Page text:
Leo F. Miles, who fought critics for 16 years in his effort to build a viable program at Howard University, said yesterday he is retiring as athletic director.

Miles, 54, said he had planned to retire in three to four years, but instead decided to take advantage of the school's offer of extra benefits associated with an early retirement. Neither Miles nor university officials would say what the package was worth.

"It was a decision I had to make immediately," Miles said. "From now until June 30, I'll be putting things in order for my incoming successor. I don't know who that will be, but I know there will be a nationwide search for the new AD. I will keep busy, though. I hope to do a little consulting and work on special projects here."

Carl Anderson, Howard's vice president of student affairs, said Miles barely qualified for the one-time early retirement offer extended to all Howard employes.

"Leo has a birthday next month and got in under the wire," Anderson said. "He informed me last month he was going to take advantage of the package and retire. In the years he was here, he did a good job building a program from nothing. It is a fitting tribute to him and a high note for him to retire while his project -- the new field -- is being completed."

Anderson said he will form a search committee to find a new athletic director as soon as possible.

Willie Jeffries, beginning his third season as football coach at Howard, said he plans to apply for the job. Jeffries also said he knew of Miles' conservative, low-key approach to athletics before he accepted the coaching position. "His conservatism was to his advantage in this type of academic setting," Jeffries said. "But he was productive and did the job efficiently within the framework of the institution."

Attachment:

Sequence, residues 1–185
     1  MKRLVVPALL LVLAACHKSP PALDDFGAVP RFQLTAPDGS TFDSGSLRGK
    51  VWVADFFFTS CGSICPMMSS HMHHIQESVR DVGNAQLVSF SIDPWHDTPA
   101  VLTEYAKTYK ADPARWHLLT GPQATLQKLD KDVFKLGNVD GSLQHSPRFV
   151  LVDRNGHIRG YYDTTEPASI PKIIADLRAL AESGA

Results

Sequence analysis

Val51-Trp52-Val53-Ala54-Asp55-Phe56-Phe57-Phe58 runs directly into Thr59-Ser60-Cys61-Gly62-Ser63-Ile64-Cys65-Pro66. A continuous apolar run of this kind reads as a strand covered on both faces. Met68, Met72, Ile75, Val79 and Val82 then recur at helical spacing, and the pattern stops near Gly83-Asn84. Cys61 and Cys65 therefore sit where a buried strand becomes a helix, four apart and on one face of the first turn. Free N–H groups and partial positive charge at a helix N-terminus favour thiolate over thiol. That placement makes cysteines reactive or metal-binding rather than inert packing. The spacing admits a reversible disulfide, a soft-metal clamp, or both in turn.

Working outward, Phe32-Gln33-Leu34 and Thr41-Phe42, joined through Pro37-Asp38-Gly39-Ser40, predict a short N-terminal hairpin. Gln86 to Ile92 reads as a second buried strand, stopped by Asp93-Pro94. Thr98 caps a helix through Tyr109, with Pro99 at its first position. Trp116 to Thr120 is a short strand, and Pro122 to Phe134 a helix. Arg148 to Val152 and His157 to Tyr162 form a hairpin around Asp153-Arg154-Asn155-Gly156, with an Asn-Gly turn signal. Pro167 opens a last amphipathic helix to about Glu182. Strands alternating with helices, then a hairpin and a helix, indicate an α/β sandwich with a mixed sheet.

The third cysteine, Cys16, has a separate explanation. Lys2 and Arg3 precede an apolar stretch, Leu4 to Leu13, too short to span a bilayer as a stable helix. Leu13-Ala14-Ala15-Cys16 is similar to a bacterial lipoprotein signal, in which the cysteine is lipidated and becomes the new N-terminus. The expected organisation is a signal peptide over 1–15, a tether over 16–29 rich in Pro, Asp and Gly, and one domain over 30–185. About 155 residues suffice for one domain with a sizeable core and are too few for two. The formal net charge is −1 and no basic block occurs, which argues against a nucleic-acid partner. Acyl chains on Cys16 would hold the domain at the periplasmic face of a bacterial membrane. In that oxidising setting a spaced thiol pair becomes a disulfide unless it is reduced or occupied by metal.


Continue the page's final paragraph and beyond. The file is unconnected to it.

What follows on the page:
Miles, a District of Columbia native, enjoyed a marvelous high school and collegiate athletic career, and he played with the NFL's New York Giants in 1953-54. Then, after working as a teacher, football coach and assistant principal in the D.C. public school system, he was appointed athletic director at Howard in 1970.

He has been an NFL official for 16 years, too.

Although Miles is credited with instituting Howard's extensive scholarship program and improving the overall athletic program, what some characterized as his rigid attitude and old-fashioned approach to problems often put him at odds with his coaches and athletes.

"I always did what I felt was right for this school and the students," Miles said. "When I took over here, there was a lot of tension and uneasiness among the staff. My first goal was to create an atmosphere of reasonable happiness.

"There were bumps and bruises along the way and I know I was perceived in certain ways. I know people laughed at the way I did things," Miles said. "I had to do some things I didn't enjoy, such as dismiss some people. But my job here was to uphold the integrity of the school and operate within the rules and regulations by which we abide. I tried to do that."

Miles is pleased his long-range project of an artificial surface for Howard's football field, long known as "The Dust Bowl," should be installed by the end of the school year.

In addition, the school this week announced its hope of building a $150 million complex in the next few years, which is projected to include a 30,000-seat domed stadium.

"It's a good feeling to know the football field is about completed. I had input in both projects and I'm pleased they are realities," Miles said.